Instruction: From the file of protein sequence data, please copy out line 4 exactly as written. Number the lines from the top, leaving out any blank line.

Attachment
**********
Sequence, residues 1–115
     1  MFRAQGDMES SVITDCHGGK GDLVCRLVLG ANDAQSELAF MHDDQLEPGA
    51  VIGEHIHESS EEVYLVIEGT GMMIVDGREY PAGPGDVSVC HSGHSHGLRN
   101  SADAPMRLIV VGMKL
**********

   101  SADAPMRLIV VGMKL